The writing process does not begin the moment you sit down to write. Before you begin to craft your first draft, you need an idea. When you complete your draft, the writing process is not finished. After you craft your first draft, you must edit your work. Idea-generation, drafting, and editing are separate; these three steps of the creative process don’t mix well. If you try to mix them, your process will slow considerably.
There are two ways to accomplish this step: proactively or as inspiration strikes. Either way, be purposeful about recording your ideas so that you can reference them later.
How many times have you had an idea come to you out of thin air …and then disappear as easily as it came? You need a way to record your ideas, a way to capture them so that you can use them later. The way I do this is in my personal planner.
how I never let an idea escape
I use a simple dot-grid notebook to organize my life, using the bullet journal method created by Ryder Carroll, which I have personalized and modified to fit my needs. Now that I use the bullet journal method, I’m no longer sorting though scraps of paper or random notes on my phone in search of my ideas.
The rapid-log portion of the planner provides a place to hold my brain-dumps, including any writing topics that I come up with throughout the day. Later I can further organize my ideas. I usually set aside time before bed to go over my rapid-log and plan for the next day. I also use this time to migrate any writing topic ideas into a collection so that when it comes time to write I don’t have to worry about what to write — I have a whole list of topics to draw from. That is, if I’ve had enough random inspiration to fill a whole list. Sometimes I do, but when I don’t, I fill my list by having a brainstorm session. That’s what you’re going to do today, so that you can get a head start on your own list of writing topics.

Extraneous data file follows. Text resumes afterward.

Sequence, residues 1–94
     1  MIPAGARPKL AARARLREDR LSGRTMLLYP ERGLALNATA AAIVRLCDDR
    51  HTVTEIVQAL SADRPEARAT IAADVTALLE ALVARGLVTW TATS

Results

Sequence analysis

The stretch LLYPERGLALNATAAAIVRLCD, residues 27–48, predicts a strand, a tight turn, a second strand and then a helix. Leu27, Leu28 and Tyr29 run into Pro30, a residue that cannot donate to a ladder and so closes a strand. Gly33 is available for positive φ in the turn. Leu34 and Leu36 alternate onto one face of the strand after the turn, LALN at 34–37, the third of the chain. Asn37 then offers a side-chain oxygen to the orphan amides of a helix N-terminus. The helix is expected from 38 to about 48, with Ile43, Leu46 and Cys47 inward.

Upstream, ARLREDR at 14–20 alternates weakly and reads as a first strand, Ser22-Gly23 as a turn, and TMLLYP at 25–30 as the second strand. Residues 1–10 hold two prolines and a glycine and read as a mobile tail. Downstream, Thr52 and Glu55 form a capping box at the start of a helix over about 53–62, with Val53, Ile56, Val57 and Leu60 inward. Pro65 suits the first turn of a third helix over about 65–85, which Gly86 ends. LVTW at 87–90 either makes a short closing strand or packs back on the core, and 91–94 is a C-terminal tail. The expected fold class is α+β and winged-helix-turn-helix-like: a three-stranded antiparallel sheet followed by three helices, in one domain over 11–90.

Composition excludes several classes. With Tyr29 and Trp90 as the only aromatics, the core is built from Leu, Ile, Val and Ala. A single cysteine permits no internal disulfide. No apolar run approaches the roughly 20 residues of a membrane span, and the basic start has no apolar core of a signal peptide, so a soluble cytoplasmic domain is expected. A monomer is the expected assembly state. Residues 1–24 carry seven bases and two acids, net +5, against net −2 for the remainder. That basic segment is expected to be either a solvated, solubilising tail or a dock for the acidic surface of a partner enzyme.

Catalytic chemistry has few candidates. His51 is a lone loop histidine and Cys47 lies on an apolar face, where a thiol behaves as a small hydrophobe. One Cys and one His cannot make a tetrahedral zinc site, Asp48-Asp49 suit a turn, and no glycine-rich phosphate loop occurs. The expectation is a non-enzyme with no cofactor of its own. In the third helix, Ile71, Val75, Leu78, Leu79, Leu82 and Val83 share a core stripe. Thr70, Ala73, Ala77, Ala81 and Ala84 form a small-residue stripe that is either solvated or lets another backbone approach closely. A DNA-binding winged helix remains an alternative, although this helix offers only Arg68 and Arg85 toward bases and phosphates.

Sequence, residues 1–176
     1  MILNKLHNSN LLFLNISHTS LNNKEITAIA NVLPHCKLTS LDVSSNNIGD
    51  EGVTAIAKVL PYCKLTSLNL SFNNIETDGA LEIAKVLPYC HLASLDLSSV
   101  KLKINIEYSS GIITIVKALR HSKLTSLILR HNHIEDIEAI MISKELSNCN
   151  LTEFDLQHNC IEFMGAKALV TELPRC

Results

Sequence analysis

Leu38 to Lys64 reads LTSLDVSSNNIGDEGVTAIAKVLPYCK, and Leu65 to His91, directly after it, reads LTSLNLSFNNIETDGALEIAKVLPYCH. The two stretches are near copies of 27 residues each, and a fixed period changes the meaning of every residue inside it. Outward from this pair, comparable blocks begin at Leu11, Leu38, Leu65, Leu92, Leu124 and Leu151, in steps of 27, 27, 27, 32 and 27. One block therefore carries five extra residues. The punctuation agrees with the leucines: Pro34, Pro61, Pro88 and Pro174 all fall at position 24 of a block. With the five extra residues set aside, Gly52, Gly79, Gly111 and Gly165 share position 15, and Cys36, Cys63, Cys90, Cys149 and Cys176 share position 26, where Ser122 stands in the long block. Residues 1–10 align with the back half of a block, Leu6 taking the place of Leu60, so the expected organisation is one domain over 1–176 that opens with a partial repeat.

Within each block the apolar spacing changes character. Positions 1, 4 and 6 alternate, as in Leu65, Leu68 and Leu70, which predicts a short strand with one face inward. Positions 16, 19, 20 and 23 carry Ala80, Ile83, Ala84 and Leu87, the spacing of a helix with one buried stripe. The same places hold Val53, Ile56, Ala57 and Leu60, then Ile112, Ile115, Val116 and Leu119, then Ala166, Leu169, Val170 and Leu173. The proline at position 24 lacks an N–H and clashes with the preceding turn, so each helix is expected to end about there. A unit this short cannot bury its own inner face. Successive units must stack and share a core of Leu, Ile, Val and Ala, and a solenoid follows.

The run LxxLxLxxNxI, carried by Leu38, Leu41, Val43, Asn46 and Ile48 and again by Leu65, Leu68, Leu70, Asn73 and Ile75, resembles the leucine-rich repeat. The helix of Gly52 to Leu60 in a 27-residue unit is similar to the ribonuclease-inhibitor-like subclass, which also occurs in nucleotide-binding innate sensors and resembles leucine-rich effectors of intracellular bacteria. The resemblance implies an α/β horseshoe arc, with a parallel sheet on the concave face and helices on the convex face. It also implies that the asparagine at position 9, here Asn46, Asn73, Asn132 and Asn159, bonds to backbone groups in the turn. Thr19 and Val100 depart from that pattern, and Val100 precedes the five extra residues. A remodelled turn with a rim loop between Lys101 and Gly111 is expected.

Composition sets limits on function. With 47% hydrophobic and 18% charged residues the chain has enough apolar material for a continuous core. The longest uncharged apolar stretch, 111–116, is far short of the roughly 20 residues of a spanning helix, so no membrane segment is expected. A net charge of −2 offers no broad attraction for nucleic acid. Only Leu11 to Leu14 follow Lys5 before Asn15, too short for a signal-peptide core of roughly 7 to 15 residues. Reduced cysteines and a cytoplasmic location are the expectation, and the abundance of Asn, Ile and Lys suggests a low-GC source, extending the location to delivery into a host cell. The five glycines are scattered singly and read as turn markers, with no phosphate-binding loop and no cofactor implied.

I like this two-step process of recording my ideas because when I copy an idea from the rapid log to a more permanent collection, I have the opportunity to edit it, add to it, or decide it wasn’t worth recording after all. This is important because when it comes time to write a draft, I don’t want to be making decisions about what to write. I simply write about the next thing on the list.
Note: Over the next three days you’ll be working on three poems at the same time. At the end of today you won’t have a poem, but at the end of three days you’ll have completed three poems.
Write down a dozen ideas. They don’t have to be good ideas (you can edit and refine the list later); write down anything that comes to mind. Begin by writing down something beautiful, something ugly, and something that confuses you. Let these continue to spark ideas, keeping the words flowing by writing down anything that comes to mind. Write down at least twelve potential topics before looking at my list below.
Before ending your writing session today, refine your list. Edit your ideas for clarity. Remove anything random that you don’t actually want to write about. Add any more ideas that come to mind. Make sure you’re willing to write about anything that stays on the list.
(something beautiful) wildflowers
(something ugly) clumps of dog hair collected in the corners
(something that confuses me) how can the rain be both refreshing and destructive?
rain running down the street
gardening on a hot, humid afternoon
finding enjoyment in hard work
a dog’s dream
bare feet in the grass
mud stuck to my toes
Maybe you stop at twelve. Maybe your list grows longer. Whatever you do, decide on a home for your list so you’ll be able to find it when you want to add to it or draw an idea from it.